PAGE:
Boehner blocks Dem efforts to bring up clean continuing resolution for a vote

Sunday marked day 13 of the government shutdown as Republican House Speaker John Boehner continued to block efforts to allow a vote on a “clean” continuing resolution to re-open the government.

“We are ready to vote. Let us vote. Let America work,” said Rep. Xavier Becerra (D-California).

During his appearance a week ago on ABC News’s This Week, Boehner claimed that “there are not the votes in the House to pass a clean CR.”

However, Democrats have repeatedly pointed out that at least 195 Democrats and 21 Republicans have publicly expressed their willingness to vote for a clean continuing resolution to re-open the government for 6 weeks while lawmakers on both sides meet in conference to hammer out a longer-term budget deal. (The Senate-approved CR could pass with a simple majority of 216 votes in the House.)

“The fact that right now there are votes, I believe, to go ahead and take this drama off the table should at least be tested. Speaker Boehner keeps on saying he doesn’t have the votes for it, and what I’ve said is put it on the floor and see what happens and at a minimum let every member of Congress be on the record. Let them vote to keep the government open or not, and they can determine where they stand and defend that vote to their constituencies,” said President Barack Obama.

Although Boehner tried to blame the shutdown on Obama’s refusal to negotiate, Becerra reminded reporters that Republicans have repeatedly rebuffed Democrats’ efforts to meet in conference to negotiate the budget since April. House Republicans waited until an hour or two before the Oct. 1st deadline to pass a bill calling for a budget conference to be held, effectively triggering the government shutdown.

The Democrats’ position boils down to this: Pass a clean CR to temporarily re-open the government and pass a clean debt limit increase to prevent the U.S. from defaulting on its bills, and then negotiate on a longer-term budget agreement in conference. Obama, House and Senate Democrats have indicated that no topic is off the table in the negotiations, even difficult ones like reforms to Social Security and Medicare.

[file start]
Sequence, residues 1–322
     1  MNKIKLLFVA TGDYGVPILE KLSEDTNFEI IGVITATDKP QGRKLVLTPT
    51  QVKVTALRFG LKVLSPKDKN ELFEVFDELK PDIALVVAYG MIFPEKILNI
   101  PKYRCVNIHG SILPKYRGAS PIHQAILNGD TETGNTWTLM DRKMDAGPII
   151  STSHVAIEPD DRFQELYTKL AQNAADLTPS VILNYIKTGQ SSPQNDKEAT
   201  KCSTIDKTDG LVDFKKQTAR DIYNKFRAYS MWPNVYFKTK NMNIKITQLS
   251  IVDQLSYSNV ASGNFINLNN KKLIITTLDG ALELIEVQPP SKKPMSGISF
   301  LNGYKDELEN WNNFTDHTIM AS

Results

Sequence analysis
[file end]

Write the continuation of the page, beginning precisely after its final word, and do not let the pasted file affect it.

House Republicans, however, have repeatedly moved the goal post, so-to-speak, throughout this year’s budget negotiations, giving Democrats cause to be highly skeptical.

One glaring example is Boehner’s admission that he reneged on his offer to pass a clean continuing resolution if Senate Majority Leader Harry Reid agreed to a budget figure that is $70 billion below what the Democrats wanted. Although Senate Democrats did approve Boehner’s budget number in the clean continuing resolution, House Republicans repeatedly attached amendments to the CR that would de-fund Obamacare or delay the health care law’s implementation for a year or repeal the Medical Device Tax or impose restrictions on federal employees’ use of the Affordable Care Act’s insurance exchanges.

Despite his public acknowledgment shortly after the 2012 elections that if Republicans were to “put Obamacare in the CR and send it over to the Senate, we were risking shutting down the government”, Boehner tried to justify his about-face by claiming that Republicans had to take a “stand” against the 2009 health care reform law.

“I and my members decided the threat of Obamacare and what was happening was so important that it was time for us to take a stand,” Boehner told ABC News’s George Stephanopoulos.

Boehner has insisted that Democrats must agree to concessions before House Republicans will approve a temporary continuing resolution to re-open the government in the short-term. In effect, Boehner’s position on the federal budget boils down to this: Keep the government closed while lawmakers negotiate in conference to approve a short-term continuing resolution.

House Democrats have called on Boehner to “stop the game playing”, and Becerra questioned why Democrats should now trust the speaker negotiate “with a gun at your head” given Boehner’s recent history of breaking agreements.

“Speaker Boehner, you know you have the votes to pass a clean bill, which you had agreed to put on the floor when you had your negotiations with Majority Leader Harry Reid in the Senate. You backed away from that. How can we trust you when you’re not willing to abide by your own negotiated agreement?” said Becerra. “We’re asking our Republican colleagues to accept yes for an answer because we’re willing to take their budget number to re-open the government…We hope that finally there will be some sanity that prevails in the House of Representatives and Republican Speaker John Boehner will for once allow Republicans and Democrats alike to vote on a clean budget that will allow the U.S. government to get back to work.”

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